Despite our constant urging and cajoling, there has been no action until very recently from these departments to restore this site and improve public safety around it. We are pleased that this seems to be changing now. The City offered to assist in the surveying required of the Castle site and, we are told, the responsible national departments will file an imminent eviction application.

I raise all of these issues not in complaint, but in an effort to increase public awareness of what it takes to offer care to the vulnerable and manage public places sustainably. Perhaps this will also help well-meaning people of influence in South Africa’s other cities who share Cape Town’s vision.

Read more in Daily Maverick: City of Cape Town is removing homeless people from the street – and offering them a Safe Space instead

Despite these profound difficulties, our recent successes show that we have a model that works. We are cautiously optimistic that we can restore public places and extend a hand of care to the homeless.

In this way, we are building towards a city of hope for all, where even a person living on the streets can hope to reintegrate into society, reunite with family, and get off the streets sustainably.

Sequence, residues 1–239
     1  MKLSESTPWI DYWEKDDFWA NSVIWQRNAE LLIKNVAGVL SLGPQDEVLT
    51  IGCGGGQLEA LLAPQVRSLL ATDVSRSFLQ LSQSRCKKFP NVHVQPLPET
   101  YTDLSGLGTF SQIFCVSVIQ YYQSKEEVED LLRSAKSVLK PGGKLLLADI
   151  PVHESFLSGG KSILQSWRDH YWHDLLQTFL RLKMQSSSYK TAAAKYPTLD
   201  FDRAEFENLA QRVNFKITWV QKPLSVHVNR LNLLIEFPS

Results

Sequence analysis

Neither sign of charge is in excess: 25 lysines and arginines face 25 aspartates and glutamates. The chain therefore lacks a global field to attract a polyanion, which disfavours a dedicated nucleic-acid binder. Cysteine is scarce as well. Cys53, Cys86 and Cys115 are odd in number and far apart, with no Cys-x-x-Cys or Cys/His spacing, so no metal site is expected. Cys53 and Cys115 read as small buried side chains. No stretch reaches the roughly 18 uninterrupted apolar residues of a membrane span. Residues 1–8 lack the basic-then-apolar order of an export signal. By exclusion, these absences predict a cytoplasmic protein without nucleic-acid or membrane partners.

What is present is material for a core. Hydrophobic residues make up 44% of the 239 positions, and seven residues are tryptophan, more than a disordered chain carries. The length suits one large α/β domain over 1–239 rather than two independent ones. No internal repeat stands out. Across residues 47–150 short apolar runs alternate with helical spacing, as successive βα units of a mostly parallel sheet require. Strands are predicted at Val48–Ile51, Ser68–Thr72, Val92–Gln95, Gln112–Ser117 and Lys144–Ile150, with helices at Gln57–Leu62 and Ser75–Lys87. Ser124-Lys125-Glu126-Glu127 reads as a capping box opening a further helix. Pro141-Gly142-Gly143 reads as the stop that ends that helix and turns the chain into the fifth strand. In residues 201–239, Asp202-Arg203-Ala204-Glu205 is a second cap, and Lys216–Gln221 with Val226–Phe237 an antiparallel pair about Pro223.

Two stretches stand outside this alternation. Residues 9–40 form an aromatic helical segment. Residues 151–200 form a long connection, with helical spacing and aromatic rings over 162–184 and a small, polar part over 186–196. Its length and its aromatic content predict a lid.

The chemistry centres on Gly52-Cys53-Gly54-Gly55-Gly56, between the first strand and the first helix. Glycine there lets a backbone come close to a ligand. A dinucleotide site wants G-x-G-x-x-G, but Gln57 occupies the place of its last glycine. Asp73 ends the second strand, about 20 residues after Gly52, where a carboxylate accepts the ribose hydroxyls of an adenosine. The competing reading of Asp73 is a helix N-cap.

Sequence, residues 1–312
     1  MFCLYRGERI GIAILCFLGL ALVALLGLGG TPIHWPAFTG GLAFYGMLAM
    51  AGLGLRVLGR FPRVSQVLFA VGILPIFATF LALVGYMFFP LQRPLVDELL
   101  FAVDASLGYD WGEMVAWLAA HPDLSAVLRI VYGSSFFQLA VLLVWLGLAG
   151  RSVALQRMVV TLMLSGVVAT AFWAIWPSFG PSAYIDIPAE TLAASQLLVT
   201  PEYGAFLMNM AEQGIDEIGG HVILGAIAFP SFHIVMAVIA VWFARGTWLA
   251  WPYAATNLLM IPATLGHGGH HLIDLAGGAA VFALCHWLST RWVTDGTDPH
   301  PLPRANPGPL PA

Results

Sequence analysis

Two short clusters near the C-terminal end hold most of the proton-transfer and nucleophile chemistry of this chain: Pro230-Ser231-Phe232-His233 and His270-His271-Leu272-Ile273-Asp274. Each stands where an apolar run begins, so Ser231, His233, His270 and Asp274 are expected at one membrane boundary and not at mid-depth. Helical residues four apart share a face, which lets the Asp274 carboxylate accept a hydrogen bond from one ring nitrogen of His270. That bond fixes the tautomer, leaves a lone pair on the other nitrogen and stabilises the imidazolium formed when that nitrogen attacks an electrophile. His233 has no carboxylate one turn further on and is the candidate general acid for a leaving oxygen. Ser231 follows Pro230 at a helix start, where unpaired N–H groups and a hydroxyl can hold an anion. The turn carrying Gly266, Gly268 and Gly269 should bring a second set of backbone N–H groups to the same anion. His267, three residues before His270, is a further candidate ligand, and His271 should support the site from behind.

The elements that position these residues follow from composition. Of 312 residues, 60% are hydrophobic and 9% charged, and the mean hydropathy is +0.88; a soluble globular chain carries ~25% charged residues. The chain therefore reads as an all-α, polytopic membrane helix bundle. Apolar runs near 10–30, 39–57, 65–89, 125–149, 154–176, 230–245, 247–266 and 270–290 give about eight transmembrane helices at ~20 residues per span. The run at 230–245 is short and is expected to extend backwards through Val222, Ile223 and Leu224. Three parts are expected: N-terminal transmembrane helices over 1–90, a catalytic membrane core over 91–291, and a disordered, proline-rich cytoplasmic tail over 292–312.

With the right mix of determination and resource investments, it is possible for our cities to promote dignified solutions to help people off the streets, while ensuring that public places are open and available for all. DM

Geordin Hill-Lewis is the mayor of Cape Town.

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  • Pet Bug says:

    Thank you Mayor and CoCT. You guys are definitely trying to resolve this unfortunate situation in a correct and human manner.
    I’m hoping that the Buitengracht road will soon also be on the agenda.

  • Fanie Rajesh Ngabiso says:

    DA – striving for the best for all our citizens.

    Stop the ANarChy!

  • V L says: